I feel kind of as if Latin has got short shrift on my blog of late. As always, there have been some Christian ruminations, and the ever-present weekly poems. But because I started the weekly poems after I was done this year’s Latin poetry course, I have naturally run into more Greek than Latin poetry. Thus, Greek, more than Latin, has made its way onto my blog, with Archilochus and Phanocles, as well as more randomly such as remembering Robert Fagles.

Nevertheless, as it has almost always been for the past six years of my life, Latin has not been lacking. Since January, I read a number of Cicero’s letters, most of Book 30 of Livy, and all but 6 pages of Tacitus’ Agricola.

Cicero is a good writer. Very clear. Abundant as well. Something around 800 or 8000 of his letters exist, and well over half of the surviving literature of the Late Republic was written by Cicero, thus making him important for those interested both in the period and in Latin prose literature of the time (he thought he was a good poet, but none of it survived; the next generation gave us Virgil, Horace, Ovid, so no surprise here). But his letters themselves are not very exciting unless you know a thing or two about the Late Republic. Then they are more interesting, because they give insight into the people who were involved in these events, and you realise that real people who quite enjoyed the Republic and who in favour of the best men ruling (vs. the best man) supported Brutus.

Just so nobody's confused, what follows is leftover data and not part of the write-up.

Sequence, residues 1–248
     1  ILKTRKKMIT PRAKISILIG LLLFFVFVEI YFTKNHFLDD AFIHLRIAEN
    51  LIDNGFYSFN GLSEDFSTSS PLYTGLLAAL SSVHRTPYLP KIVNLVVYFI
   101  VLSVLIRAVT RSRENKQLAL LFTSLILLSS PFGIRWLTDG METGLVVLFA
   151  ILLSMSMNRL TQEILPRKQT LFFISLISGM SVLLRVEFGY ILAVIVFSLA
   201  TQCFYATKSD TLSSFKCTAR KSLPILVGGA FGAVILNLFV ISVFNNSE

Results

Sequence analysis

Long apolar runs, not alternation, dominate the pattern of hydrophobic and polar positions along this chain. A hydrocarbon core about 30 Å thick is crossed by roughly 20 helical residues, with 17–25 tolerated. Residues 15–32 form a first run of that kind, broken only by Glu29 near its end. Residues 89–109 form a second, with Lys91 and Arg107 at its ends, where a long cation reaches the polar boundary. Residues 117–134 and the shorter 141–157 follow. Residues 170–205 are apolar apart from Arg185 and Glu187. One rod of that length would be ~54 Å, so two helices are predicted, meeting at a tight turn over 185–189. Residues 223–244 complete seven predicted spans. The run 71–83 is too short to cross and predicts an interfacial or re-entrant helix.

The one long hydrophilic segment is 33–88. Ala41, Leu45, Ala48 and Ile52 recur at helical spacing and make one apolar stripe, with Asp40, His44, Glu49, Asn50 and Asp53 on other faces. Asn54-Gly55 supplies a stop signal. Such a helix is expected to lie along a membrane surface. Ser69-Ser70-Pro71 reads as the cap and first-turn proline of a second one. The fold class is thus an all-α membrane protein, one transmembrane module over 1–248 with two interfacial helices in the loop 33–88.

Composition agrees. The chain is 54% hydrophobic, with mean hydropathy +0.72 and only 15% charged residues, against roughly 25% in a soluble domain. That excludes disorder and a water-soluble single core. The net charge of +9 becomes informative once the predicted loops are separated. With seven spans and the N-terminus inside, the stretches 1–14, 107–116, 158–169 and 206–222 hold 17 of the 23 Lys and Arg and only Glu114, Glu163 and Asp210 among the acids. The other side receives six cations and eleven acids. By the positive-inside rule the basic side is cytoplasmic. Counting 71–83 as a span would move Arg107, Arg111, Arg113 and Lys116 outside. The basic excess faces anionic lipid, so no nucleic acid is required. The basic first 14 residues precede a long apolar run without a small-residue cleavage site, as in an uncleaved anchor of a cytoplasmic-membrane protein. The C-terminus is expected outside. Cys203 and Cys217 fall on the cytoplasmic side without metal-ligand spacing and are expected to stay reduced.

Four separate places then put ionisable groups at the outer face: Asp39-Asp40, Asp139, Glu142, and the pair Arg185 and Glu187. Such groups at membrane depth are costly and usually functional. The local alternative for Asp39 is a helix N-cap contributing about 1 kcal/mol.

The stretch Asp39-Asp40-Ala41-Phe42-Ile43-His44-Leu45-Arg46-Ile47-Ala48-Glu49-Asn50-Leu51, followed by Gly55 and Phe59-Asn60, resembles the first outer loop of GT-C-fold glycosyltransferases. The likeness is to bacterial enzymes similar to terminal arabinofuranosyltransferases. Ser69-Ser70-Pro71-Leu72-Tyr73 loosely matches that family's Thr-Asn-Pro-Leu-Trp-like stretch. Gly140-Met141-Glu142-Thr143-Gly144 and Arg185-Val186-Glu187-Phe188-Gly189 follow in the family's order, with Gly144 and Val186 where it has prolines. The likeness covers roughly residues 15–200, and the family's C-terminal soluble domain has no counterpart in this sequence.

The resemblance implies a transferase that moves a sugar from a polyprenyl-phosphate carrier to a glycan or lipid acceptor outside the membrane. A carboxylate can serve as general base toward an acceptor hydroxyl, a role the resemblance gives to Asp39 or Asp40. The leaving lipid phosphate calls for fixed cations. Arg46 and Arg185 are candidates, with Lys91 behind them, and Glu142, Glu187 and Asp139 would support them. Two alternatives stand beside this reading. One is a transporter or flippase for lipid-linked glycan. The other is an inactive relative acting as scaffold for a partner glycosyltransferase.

Livy, on the other hand, is more exciting, as well as easier than the last time I read him. Book 30 is the end of the Second Punic War. This is the war wherein Hannibal crossed the Alps with elephants and brought the camps of the Carthaginians right up to the gates of Rome itself. In this book, we see the derring-do and generalship of Publius Cornelius Scipio in Africa, as he and Rome’s allies inflict serious blows upon Carthage and its allies, forcing the Carthaginians to call Hannibal back home. The titans clash at a village near Zama, and Hannibal’s forces are defeated, in part due to Scipio and his legates being clever, in part due to elephants being very dangerous to anyone near them in battle. I don’t know if it’s in Book 30, but Hannibal later drinks bull’s blood and dies. Poor fellow, that it should come to that after occupying Italy for 16 years!

And then Tacitus’ Agricola. This is the eminent historian Tacitus’ first work. It’s a biography of his father-in-law, Gnaeus Julius Agricola. Agricola was governor of Britain for a while and pushed the Roman borders North into what is now Scotland, inflicting heavy blows upon the locals. It’s the first detailed record of the people and weather of Britain (rainy and foggy) as well as the first mention of any sort of Scotland, so it’s pretty cool.

This is just a brief thought about Latin and its never-ending, benign presence in my life. More posts discussing the language and its literature to come!


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